If you look at the architecture of the Internet, it resembles these principles very closely. Distinct networks speak their custom protocols offering everything from cable-based to cellular connectivity. Routers and gateways connect individual networks and route information based on IP and BGP packets. Transmission and application-level protocols are then responsible for the guaranteed delivery of specific content.
Part II. Existing Blockchain Interoperability Landscape.
Existing solutions for blockchain interoperability fit into one of these buckets:
- Centralized or federated systems. Very few, or even just a single entity is controlling and managing protocol and system development and deployment.
- “Bridges” between blockchains. We see a few centralized bridges where validators are appointed to a group of representatives, failing the decentralization objective. We also see a few decentralized systems where the state transition logic of chain A is parsed by chain B (natively or in smart contracts). These inherently fail property #1 (among others). First, they require complex engineering to develop — these are incredibly heavy protocols, and we’ve seen years for them to deploy. Second, if one chain changes, then the state transition logic on all other chains that depend on it must change. Parsing state transition logic of one network in the languages of the other and vice-versa is inherently unscalable.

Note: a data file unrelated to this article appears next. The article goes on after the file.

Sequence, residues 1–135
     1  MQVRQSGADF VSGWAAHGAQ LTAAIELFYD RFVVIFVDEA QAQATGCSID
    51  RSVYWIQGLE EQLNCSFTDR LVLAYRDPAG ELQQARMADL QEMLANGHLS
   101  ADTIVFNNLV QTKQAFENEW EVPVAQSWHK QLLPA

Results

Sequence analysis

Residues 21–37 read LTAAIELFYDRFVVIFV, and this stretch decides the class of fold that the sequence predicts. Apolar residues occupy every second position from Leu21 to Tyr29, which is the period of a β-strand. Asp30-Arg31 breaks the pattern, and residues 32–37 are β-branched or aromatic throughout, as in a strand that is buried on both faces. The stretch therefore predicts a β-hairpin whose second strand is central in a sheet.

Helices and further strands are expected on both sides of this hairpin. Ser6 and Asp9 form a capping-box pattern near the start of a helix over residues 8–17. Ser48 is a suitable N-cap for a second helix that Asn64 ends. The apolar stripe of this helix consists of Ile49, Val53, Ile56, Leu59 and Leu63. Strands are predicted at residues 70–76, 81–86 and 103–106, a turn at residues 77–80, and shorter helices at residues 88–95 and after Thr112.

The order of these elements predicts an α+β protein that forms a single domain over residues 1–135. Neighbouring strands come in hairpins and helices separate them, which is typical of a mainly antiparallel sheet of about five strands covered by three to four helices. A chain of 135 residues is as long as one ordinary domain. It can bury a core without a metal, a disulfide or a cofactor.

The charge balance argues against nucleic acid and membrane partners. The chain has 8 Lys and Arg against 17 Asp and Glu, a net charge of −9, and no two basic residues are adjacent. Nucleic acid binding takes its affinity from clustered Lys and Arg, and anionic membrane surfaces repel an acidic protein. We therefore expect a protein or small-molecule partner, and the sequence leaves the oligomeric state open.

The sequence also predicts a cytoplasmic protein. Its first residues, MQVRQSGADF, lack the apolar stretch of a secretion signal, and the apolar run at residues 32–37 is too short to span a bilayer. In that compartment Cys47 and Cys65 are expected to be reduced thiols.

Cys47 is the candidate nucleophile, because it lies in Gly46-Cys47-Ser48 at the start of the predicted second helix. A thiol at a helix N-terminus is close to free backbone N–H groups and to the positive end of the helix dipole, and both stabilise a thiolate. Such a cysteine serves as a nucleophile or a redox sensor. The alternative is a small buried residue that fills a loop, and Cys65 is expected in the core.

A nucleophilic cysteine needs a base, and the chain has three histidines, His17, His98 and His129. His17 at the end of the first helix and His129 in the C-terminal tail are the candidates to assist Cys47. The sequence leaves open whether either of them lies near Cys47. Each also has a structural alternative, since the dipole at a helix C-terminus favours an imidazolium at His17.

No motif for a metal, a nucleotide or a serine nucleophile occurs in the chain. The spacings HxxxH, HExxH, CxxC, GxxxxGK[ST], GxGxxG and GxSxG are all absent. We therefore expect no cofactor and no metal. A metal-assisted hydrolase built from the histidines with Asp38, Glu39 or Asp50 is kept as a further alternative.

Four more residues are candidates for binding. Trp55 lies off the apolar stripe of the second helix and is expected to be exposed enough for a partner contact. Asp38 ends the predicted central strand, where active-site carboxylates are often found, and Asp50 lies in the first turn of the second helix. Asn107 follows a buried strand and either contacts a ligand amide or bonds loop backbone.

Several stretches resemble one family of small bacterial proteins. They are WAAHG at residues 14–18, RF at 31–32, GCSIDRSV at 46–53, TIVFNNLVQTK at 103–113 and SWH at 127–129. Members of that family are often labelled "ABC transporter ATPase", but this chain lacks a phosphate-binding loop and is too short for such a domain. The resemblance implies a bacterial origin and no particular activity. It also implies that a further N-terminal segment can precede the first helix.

- Interoperability clusters between some permissionless chain and their sister side-chains (subnets). A few projects are developing their own permissionless chains and allow clients to spin up side-chains/co-chains/para-chains that interoperate through the hub. I’m a big admirer of many of these ecosystems. They can solve interoperability between their side-chains because the side-chains speak the same language, developed and maintained by the same platform providers. But these protocols aim to grow the ecosystem around the main chain. I would classify them analogously to ISPs on the Internet that offer users good “local connectivity.” These hubs must use other technologies to communicate with other hubs and blockchains that speak different languages.
As a result, the blockchain interconnectivity protocols are at about the same state as Internet protocols were in the early 80s. In other words, there is a lot of potential for improvement! We need global naming schemes, address discovery protocols, naming protocols, scalable routing algorithms. We need those “IP” or “BGP” equivalents. We need systems that support these protocols and adhere to core principles developed and tested by Cerf, Kahn, and others for decades. Of course, blockchain protocols have their own twists and properties essential for our ecosystem, such as trust, authentication, and integrity of information.
Building the right architectures and systems that scale is challenging and incredibly rewarding at the same time. But true interoperability will unlock massive potential for the ecosystem.
In the follow-up blogs, we will dive deeper into the design principles required for blockchain interconnectivity and then discuss the approach we’re taking at Axelar.
 Vinton G. Cerf and Robert E. Kahn. A Protocol for Packet Network Intercommunication. https://www.cs.princeton.edu/courses/archive/fall06/cos561/papers/cerf74.pdf